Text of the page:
Part of the Bilingual Lecture Series of Center for Near Eastern Studies at UCLA
Sunday October 13, 2013, 4:00 PM, 121 Dodd Hall, UCLA (in Persian)
Monday October 14, 2013, 3:00 PM, 10383 Bounche Hall, UCLA (in English)
Photo: "Tanks in the streets of Tehran, 1953" - Photographer: unknown
Panelists: Mohammad Amini, Independent Scholar; Ahmad Ashraf, Columbia University; and Maziar Behrooz, San Francisco State University
Panel Information: August 2013 is the 60th anniversary of the coup against Mohammad Mossadeq, one of the pivotal events of modern Iranian - and Middle Eastern - history. The coup and the conditions surrounding it continue to spark academic and political debate due to their significance for subsequent developments in Iran as well as for the Islamic Republic's relations with the United States and the West. This panel will serve as a forum to re-visit predominant understandings and narratives about this critical period by looking at new evidence, identifying fresh analyses and discussing some lingering historical questions for future research.
Mohammad Amini is author of numerous articles on secularism, modernity, ethnicity and socio-political issues concerning Iran and the Middle East. He is the son of former Tehran mayor, Nosrat-ollah Amini, an Iranian lawyer and politician who became the personal attorney of Mohammad Mossadegh. Mohammad Amini is author of State & Religion in Iran, published in 1980 in Tehran, and most recently The Deception with History, a response to some of revisionist accounts of history regarding the 28-month premiership of Dr. Mohammad Mossadegh.
Ahmad Ashraf, Ph.D., has taught sociology and social history of Persia at the University of Tehran, University of Pennsylvania, Columbia University, and Princeton University. He is the author of several books and numerous articles, including Historical Obstacles to the Development of Capitalism in Iran (1980). His writings have covered topics such as social hierarchies in Persia, tradition & modernity, Iranian national identity, agrarian relations in Persia, and charismatic leadership and theocratic rule in post-revolutionary Persia. Professor Ashraf has served on the editorial board of Iranian Studies, International Journal of Politics, Culture & Society, and Iran-Nameh. Since 1992, he has served as a Trustee-at-Large of the American Institute of Iranian Studies.
Maziar Behrooz was born in Tehran-Iran. He received his B.A degree in History-Government from Saint Mary College of California (1982), his M.A. in Modern History of Europe from San Francisco State University (1986), and his Ph.D. in Modern History of the Near East from University of California, Los Angeles (1993). He has taught at UC Berkeley, Saint Mary's College of California, Stanford University, Bridgewater State College, and is currently an associate professor at the History Department of San Francisco State University. He has authored numerous articles and book chapters on Iran and is the author of two books on the history of Iranian left movement: Rebels with a Cause (1999), which has been translated into Persian (2001) and Turkish (2006); and Perspectives on the History of Rebels with a Cause in Iran (2006) which is a collection of articles and interviews on the left movement in Iran, translated and published in Iran and in Persian. Link to a wiki (Persian) biography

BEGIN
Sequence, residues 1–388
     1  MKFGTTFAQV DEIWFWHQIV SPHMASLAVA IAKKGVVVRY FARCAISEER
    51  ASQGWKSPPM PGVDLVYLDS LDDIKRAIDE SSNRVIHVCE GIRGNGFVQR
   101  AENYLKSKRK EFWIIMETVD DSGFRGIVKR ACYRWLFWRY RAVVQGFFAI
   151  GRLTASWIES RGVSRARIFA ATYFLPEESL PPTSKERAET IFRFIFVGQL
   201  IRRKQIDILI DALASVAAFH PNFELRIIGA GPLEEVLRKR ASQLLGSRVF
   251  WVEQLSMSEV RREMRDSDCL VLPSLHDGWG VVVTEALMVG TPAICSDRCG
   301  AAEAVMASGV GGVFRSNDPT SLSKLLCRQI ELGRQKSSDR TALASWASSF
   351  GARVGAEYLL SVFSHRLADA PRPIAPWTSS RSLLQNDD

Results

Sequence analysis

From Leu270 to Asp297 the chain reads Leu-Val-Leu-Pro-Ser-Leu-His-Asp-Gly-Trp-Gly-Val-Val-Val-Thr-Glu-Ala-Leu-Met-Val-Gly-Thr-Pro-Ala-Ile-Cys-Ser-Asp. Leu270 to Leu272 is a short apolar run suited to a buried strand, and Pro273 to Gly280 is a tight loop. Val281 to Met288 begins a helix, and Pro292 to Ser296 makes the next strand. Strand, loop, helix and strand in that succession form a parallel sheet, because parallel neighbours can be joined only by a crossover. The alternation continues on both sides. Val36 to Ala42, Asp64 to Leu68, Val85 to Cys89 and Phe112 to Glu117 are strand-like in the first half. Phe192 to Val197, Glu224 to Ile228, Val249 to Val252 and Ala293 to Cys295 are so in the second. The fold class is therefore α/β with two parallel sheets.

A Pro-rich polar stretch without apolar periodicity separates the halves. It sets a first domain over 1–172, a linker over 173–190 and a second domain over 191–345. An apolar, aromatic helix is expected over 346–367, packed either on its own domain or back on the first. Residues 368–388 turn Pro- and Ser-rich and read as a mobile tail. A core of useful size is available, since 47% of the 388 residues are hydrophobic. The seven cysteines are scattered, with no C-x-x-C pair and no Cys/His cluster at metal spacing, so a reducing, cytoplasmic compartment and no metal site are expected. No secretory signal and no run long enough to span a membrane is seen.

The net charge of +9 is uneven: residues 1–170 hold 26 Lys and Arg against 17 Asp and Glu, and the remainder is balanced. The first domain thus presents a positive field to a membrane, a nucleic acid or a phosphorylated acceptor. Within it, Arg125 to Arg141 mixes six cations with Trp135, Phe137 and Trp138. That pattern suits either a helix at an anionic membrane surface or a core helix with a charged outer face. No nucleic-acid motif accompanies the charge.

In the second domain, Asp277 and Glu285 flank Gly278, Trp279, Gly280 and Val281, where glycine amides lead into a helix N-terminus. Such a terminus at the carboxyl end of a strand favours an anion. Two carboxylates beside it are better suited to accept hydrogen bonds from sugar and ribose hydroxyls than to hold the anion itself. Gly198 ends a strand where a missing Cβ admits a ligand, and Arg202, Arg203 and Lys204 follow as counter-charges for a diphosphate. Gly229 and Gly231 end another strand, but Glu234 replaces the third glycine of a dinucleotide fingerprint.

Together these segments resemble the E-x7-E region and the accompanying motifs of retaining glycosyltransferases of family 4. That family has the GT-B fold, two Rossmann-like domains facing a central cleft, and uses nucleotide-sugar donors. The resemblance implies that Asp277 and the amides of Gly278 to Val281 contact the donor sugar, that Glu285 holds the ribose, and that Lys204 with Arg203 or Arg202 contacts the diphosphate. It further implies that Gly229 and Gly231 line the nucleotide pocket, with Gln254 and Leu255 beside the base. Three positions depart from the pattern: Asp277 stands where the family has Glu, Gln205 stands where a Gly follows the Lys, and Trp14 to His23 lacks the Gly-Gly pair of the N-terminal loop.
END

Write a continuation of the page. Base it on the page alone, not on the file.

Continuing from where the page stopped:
Cost: Free and open to the public
How to Park at UCLA
CONFERENCE: The 19 August 1953 Sixty Years On: The Fall Of Mossadegh Revisited - The 19 August 1953 (28 Mordad 1332) continues to be one of the most discussed moments of modern Iranian history. Sixty years on, historians' opinions about the reasons for the downfall of Prime Minister Mohammad Mossadegh are divided. 8/20/13
CIA Admits Role In 1953 Iran Coup Against Democratically-Elected Prime Minister Mohammad Mosadeq - Marking the sixtieth anniversary of the overthrow of Iranian Prime Minister Mohammad Mosaddeq, the National Security Archive is today posting recently declassified CIA documents on the United States' role in the controversial operation. American and British involvement in Mosaddeq's ouster has long been public knowledge, but today's posting includes what is believed to be the CIA's first formal acknowledgement that the agency helped to plan and execute the coup. 8/19/13
Aftershocks Of Iran's 1953 Coup Still Felt Around The World, 60 Years Later - Sixty years ago, on August 15, 1953, Iranian military officers backed by U.S. and British intelligence agencies initiated a coup d'etat whose aftershocks can still be felt around the globe. -Frud Bezhan, RFE 8/16/13
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